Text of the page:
The S&P 500 index is maintained by S&P Dow Jones Indices, a division of McGraw Hill Financial. Changes to the index are made periodically, as needed. For Facebook, you'll find it mentioned in this December 11, 2013 press release (PDF). Quote:
New York, NY, December 11 , 2013 – S&P Dow Jones Indices will make the following changes to the S&P 100, S&P 500, MidCap 400
and S&P SmallCap 600 indices after the close of trading on Friday,
- Facebook Inc. (NASD:FB) will replace The Williams Companies Inc. (NYSE:WMB) in the S&P 100, and Facebook will replace Teradyne Inc.
(NYSE:TER) in the S&P 500 [...]
You can find out more about the S&P 500 index eligibility criteria from the S&P U.S. Indices methodology document (PDF). See pages 5 and 6:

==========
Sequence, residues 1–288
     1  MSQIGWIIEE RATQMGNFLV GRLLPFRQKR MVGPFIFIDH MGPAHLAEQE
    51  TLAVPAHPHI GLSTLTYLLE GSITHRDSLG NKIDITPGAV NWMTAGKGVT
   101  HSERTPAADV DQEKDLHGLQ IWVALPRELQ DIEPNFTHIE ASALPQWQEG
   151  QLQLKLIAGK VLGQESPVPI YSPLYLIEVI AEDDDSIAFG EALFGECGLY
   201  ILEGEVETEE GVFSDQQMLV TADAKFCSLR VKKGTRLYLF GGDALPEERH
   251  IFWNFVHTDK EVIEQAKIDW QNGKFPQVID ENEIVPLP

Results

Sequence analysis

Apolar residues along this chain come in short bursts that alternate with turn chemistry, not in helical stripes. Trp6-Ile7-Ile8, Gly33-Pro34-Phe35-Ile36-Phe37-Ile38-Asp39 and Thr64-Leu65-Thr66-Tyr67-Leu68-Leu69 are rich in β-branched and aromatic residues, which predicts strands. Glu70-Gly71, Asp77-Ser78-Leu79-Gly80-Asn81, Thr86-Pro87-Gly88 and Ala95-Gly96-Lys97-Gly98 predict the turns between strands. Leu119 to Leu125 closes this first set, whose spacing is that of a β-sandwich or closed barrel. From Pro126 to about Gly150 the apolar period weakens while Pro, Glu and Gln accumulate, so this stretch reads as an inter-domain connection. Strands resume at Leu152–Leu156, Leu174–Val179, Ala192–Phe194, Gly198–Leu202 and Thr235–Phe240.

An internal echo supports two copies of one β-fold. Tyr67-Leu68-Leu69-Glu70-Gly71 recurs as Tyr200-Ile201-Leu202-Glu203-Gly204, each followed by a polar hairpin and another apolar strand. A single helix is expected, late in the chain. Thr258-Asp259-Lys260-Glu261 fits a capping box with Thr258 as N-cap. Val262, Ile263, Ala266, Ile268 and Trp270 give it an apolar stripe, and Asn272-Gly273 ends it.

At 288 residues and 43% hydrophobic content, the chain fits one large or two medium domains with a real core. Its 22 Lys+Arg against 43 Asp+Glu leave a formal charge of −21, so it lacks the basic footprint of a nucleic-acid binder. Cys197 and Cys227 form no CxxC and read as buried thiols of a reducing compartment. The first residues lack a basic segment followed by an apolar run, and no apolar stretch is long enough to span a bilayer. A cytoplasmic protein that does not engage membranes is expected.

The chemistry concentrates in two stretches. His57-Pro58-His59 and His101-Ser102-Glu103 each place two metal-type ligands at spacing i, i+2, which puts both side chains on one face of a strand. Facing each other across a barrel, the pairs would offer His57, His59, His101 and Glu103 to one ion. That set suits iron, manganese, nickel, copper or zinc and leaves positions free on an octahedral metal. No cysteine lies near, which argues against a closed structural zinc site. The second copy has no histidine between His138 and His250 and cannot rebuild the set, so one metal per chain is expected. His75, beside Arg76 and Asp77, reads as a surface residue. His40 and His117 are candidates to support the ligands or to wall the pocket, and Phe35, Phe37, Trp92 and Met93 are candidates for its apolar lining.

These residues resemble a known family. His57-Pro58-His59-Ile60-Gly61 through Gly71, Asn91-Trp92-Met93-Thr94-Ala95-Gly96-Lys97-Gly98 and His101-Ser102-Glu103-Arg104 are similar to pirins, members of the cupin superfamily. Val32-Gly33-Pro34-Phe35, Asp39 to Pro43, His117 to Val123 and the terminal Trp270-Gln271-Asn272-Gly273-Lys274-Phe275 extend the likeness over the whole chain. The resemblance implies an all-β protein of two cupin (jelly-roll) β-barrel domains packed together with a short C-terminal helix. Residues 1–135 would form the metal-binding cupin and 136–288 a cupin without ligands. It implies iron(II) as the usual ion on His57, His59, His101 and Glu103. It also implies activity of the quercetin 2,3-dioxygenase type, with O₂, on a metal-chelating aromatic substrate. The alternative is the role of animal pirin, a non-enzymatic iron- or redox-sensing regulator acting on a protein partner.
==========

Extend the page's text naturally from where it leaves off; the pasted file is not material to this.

Additions - S&P 500, S&P MidCap 400 and S&P SmallCap 600 Market Capitalization.
Market Capitalization - [...]
Liquidity - [...]
Domicile - [...]
Public Float - [...]
Sector Classification - [...]
Financial Viability - Usually measured as four consecutive quarters of positive as
reported earnings. [...]
Treatment of IPOs - Initial public offerings should be seasoned for 6 to 12 months
before being considered for addition to an index.
Eligible Securities - [...]
Timing of Changes
Changes to the U.S. indices other than the TMIX are made as needed,
with no annual or semi-annual reconstitution. [...]
LabCorp may have a smaller market cap than Facebook, but Facebook didn't meet all of the eligibility criteria – for instance, see the above note about "Treatment of IPOs" – until recently.
Note also that "Initial public offerings should be seasoned for 6 to 12 months" implies somebody at S&P makes a decision as to the exact when.
As such, I would say, no, there is no "simple rule or formula", just the methodology above as applied by the decision-makers at S&P.